This study has identified a significant disparity in road crash mortality risk between pedestrians who use wheelchairs and those who do not. These findings underscore the need for policymakers and planners to fully incorporate disability accommodations into pedestrian infrastructure and for persons who use wheelchairs—and others with disabilities—to remain a salient population when road safety interventions are designed. Finally, additional research to better understand would be valuable to better understand what causes the disparities identified in this study.

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America THINKS 2015 Public Transit Survey

Thursday, November 19th, 2015
In the last 12 months, I’ve taken public transportation instead of driving because...*

HNTB CORPORATION
Today, two-thirds of Americans are using public transportation because they believe it provides benefits not available when driving. While public transportation use is at high levels, more people can be encouraged to ride if they are provided with service improvements and added amenities…A new America THINKS survey by HNTB Corporation, a national infrastructure solutions firm, explores why Americans are using public transportation, what they like and don’t like, and offers public transportation agencies some of their ideas that could increase ridership.

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GRIST: U.S. public transportation sucks, and this is why

Thursday, November 19th, 2015
GRIST: U.S. public transportation sucks, and this is why

If you’ve ever had the experience of waiting for a very late train, sitting on a broken-down bus for 45 minutes, or trying to navigate what would be a 20-minute drive on three different forms of public transit, you’ve probably wondered to yourself: Why does mass transit in the United States suck so much?

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Entering the Pipeline: Engaging Disconnected Workers in the New Orleans Regional Economy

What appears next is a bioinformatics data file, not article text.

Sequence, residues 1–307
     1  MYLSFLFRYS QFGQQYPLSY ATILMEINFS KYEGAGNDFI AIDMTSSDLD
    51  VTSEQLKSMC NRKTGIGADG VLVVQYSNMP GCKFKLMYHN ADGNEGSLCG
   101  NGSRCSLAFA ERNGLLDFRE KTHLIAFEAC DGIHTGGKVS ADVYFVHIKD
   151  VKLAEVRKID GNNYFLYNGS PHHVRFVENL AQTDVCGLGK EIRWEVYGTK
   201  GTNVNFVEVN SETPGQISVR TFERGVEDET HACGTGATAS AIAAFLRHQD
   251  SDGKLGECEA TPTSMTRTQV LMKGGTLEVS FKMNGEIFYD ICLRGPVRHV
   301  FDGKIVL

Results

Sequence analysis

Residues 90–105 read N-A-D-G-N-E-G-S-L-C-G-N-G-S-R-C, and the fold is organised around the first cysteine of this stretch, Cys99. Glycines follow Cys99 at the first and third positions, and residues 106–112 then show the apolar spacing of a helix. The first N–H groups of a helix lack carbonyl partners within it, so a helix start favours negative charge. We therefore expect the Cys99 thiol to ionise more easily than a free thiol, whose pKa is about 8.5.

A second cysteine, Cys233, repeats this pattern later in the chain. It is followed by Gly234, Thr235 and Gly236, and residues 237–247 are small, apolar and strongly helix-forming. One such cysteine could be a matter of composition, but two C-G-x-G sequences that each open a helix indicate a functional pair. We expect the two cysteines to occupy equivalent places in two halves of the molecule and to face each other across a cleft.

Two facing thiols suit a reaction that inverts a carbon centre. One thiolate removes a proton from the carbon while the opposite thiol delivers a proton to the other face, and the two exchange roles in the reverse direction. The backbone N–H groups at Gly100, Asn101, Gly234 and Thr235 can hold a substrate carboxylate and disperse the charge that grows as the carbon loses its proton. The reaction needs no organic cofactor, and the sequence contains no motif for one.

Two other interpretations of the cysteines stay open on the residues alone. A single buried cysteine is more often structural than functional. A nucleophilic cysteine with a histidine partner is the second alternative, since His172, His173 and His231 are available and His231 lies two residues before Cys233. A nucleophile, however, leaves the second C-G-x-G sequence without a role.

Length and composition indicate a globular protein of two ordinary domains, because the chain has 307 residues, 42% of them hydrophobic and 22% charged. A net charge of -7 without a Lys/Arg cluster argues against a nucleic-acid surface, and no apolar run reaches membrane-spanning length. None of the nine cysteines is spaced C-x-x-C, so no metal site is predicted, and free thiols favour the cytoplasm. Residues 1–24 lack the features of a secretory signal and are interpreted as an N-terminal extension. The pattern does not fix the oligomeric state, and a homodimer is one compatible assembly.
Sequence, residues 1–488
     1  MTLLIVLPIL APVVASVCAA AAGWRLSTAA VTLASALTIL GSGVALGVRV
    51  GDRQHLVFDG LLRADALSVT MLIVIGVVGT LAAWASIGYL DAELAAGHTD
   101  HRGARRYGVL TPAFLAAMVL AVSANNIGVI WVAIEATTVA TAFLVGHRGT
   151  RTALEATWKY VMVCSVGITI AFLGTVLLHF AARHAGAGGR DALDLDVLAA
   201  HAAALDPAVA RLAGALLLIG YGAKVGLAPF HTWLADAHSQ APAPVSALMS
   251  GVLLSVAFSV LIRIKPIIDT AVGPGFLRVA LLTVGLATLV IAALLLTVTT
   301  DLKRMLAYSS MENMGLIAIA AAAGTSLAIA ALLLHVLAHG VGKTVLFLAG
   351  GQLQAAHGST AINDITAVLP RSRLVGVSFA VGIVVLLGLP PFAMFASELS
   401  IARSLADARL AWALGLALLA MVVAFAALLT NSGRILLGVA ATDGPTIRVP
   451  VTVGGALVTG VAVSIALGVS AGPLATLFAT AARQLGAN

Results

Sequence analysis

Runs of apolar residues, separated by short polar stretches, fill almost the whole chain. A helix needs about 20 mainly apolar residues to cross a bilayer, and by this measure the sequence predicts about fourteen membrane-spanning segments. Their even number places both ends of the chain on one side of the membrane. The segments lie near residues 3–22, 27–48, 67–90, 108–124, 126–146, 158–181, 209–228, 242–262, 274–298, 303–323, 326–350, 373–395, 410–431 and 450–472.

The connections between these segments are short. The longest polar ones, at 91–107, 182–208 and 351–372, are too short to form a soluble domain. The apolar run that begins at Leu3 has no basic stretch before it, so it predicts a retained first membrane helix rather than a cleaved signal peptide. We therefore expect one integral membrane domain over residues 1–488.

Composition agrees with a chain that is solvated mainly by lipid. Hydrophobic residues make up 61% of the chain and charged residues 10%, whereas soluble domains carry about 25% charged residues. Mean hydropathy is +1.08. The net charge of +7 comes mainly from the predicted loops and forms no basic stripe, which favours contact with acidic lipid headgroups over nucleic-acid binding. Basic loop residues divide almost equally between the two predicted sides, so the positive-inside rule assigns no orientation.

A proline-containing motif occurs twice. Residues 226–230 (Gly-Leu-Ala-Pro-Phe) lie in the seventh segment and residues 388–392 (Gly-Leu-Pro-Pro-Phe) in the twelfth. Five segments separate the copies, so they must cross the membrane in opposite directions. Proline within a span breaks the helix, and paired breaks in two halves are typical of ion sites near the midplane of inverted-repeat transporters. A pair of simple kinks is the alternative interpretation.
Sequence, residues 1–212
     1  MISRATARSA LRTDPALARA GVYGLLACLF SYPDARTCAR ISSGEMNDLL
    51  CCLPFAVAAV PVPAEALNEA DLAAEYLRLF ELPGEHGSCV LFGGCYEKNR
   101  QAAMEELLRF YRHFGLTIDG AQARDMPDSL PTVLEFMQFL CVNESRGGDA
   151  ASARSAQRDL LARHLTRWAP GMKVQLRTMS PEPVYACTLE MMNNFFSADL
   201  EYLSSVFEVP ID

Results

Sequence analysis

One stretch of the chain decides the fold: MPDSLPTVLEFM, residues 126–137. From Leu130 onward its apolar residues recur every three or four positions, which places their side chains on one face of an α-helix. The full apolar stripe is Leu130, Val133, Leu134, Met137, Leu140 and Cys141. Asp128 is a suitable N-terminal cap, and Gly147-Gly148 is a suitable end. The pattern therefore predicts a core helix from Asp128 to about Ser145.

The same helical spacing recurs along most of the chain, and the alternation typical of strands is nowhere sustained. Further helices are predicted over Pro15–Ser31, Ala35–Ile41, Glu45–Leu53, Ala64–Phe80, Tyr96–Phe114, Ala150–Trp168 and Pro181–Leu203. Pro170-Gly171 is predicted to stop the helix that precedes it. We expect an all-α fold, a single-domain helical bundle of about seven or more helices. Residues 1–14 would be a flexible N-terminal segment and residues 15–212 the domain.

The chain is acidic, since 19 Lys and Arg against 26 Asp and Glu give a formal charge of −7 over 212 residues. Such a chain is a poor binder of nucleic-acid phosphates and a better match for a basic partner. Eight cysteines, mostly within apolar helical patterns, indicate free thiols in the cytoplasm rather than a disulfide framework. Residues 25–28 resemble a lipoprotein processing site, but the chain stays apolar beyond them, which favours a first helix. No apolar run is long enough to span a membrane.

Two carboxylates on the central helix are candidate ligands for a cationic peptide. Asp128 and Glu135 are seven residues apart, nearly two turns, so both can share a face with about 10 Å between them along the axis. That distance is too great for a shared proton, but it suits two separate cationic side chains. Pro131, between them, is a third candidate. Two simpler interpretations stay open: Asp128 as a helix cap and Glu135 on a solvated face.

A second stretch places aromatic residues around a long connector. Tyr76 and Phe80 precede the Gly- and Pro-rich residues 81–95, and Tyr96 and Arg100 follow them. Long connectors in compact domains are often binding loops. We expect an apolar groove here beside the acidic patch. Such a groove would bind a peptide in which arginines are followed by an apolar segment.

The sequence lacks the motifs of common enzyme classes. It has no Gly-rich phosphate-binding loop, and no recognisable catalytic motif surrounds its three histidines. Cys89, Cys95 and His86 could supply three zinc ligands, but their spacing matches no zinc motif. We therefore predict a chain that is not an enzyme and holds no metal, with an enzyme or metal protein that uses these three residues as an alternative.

Monday, October 12th, 2015
Recommendations

CENTER FOR PLANNING EXCELLENCE
Residents who don’t have access to an automobile are often stranded, and this applies disproportionately to disconnected workers in the Capital Region. According to 2010 data, Baton Rouge has a high percentage of households without vehicles – 11% compared to 9% nationwide. These residents, the majority of whom are low-income, have limited access to transit services that could connect them to the education, training and jobs they need to get ahead.

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Streetfilms: Washington, D.C.’s Protected Bike Lane Treatments on 1st Street

Monday, October 12th, 2015
Washington D.C.’s Protected Bike Lane Treatments on 1st Street

Earlier this year, 1st Street in Washington D.C. was transformed into a protected bike lane with a myriad of separation techniques that all seem to work very well and feel incredibly safe. About half the lane is done with concrete median prortection while other sections are done with green paint, plastic bollards and armadillos which seem to prevent traffic from encroaching on the lane. What is truly impressive is the now much more the narrow streets deliberatly funnel traffic more slowly and lead to a street that feels welcome in a Vision Zero world.